I am not clear how you missed the fact that every church, and every person you will find claiming to speak for any church, picks and chooses from the scriptures and tries to reinterpret the more unfortunate passages. I can point you to unfortunate passages in a wide range of scriptures, such as the commands given by God regarding genocide and slavery in Jewish scriptures, and the apparent glorification of war in the Bhagavad Gita. There are plenty of Jews, Christians, and Hindus who hold these works to be holy, even divinely inspired, while yet holding at the same time that we are not to follow what the texts plainly say.

        Similarly, there are plenty of people who pretend that their scriptures counsel or require much nastier behavior than the texts state.

        How? Why, there is no how. You just do it. Then you see who is able to convince whom, whether in open elections and public political pressures on office holders, or in recruiting suicide bombers and other violent terrorists. Or whatever other custom prevails where they are.

        Ceterem censeo, gerrymandra delenda est

        by Mokurai on Mon Oct 28, 2013 at 01:25:24 AM PDT

        [ Parent ]

        •  I didn't miss the fact that everyone (0+ / 0-)

          within faith traditions cherry picks.  The problem is that the texts they are cherry picking are held up as "sacred", "divinely inspired", "moral authorities". etc etc.   This is what I object to. And only with religion can people find a statement like this completely acceptable despite its total irrationality...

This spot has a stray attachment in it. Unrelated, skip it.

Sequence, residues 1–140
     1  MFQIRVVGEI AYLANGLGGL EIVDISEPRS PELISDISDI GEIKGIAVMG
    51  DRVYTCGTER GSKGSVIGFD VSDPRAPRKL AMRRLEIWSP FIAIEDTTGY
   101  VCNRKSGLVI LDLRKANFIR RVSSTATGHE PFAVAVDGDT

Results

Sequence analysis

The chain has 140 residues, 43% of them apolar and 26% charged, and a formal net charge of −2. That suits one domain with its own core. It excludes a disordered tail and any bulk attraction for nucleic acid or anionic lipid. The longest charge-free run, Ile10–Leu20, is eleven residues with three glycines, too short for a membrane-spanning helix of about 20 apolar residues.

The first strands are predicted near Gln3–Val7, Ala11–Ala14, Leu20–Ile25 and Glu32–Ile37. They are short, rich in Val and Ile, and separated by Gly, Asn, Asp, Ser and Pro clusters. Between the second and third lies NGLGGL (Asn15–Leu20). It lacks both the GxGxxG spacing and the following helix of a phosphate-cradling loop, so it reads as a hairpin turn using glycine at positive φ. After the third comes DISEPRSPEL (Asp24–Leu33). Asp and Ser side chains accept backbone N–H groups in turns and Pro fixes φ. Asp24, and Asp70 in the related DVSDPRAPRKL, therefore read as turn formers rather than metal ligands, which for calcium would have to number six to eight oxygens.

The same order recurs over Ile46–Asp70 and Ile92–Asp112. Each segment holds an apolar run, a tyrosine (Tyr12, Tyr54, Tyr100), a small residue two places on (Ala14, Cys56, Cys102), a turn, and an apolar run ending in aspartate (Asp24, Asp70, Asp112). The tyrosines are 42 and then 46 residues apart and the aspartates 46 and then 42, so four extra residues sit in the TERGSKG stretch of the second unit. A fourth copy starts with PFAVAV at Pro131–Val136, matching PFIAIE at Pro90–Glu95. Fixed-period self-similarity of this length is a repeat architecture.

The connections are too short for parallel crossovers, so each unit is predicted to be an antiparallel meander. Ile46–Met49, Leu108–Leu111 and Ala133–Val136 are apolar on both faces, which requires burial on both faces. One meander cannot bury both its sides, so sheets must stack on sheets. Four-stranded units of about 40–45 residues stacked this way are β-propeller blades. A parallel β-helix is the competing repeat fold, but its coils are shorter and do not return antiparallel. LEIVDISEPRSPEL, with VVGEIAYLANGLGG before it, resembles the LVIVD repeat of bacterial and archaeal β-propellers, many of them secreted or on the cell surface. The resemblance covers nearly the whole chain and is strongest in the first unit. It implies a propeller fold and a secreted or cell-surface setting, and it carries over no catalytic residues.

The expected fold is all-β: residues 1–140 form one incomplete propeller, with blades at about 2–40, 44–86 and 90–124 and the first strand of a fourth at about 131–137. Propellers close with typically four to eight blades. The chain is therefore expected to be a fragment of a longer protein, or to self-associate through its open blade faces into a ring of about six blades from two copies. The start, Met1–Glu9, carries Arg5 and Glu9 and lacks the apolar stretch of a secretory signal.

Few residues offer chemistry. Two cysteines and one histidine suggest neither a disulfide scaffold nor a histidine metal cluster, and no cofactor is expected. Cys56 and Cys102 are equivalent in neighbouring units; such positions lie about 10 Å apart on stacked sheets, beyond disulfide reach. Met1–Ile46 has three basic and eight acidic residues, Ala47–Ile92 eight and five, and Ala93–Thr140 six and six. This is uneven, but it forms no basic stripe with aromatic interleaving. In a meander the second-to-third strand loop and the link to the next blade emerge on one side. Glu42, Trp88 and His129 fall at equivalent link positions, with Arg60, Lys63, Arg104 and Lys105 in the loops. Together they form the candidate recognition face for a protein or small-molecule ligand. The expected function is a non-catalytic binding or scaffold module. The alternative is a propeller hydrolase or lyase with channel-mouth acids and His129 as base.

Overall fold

"There are plenty of Jews, Christians, and Hindus who hold these works to be holy, even divinely inspired, while yet holding at the same time that we are not to follow what the texts plainly say."

  •  Funny... (3+ / 0-)
    Recommended by:
    libnewsie, poco, ontheleftcoast

    ...the Saudi Grand Mufti, Sheikh Abdul Aziz al-Sheikh, just said in this year's hajj sermon,

    “Islam does not allow terrorism at any cost. Islam condemns all violence and terrorism plaguing the world today. Muslims should demonstrate a love for peace and unity."
    You might want to check that out.

    Muslims and tigers and bears, oh my!

    by JDsg on Sat Oct 26, 2013 at 06:50:37 PM PDT

    •  Hi! I was actually going to write to you (1+ / 0-)
      Recommended by:

      because I had seen this video on another site -- apparently it's going semi-viral -- and I was hoping that someone who does Islamic apologetics on this site could tell me what he thinks of it. But here you are, so I'm asking you in a comment. The video was posted on an Islamic youtube channel as an argument that the views the speaker is espousing aren't at all extreme. I was wondering how that argument goes over.

      •  I think one of the key differences... (3+ / 0-)
        Recommended by:
        Noisy Democrat, poco, CenPhx understanding hudud punishments is that they are there for their deterrent effects.  Moreover, the level of proof necessary to convict someone of a hudud crime is rather high; in certain cases, the level of proof is higher than that required by Western secular courts.  As a result, the application of hudud punishments is much less frequent than most non-Muslims imagine.

        But all societies have their own version of hudud punishments, and the US is no exception.  I view the original diarist's comments (and that of a fair number of other people here at DK) to be xenophobic.  There is this exceptionalist attitude among Westerners, and Americans in particular, that "our laws are the best and the standard by which other legal systems should be evaluated" with precious little understanding as to why other legal systems (and not just the Islamic legal system) work the way they do.  And I certainly don't expect a nuanced discussion on this and other topics here.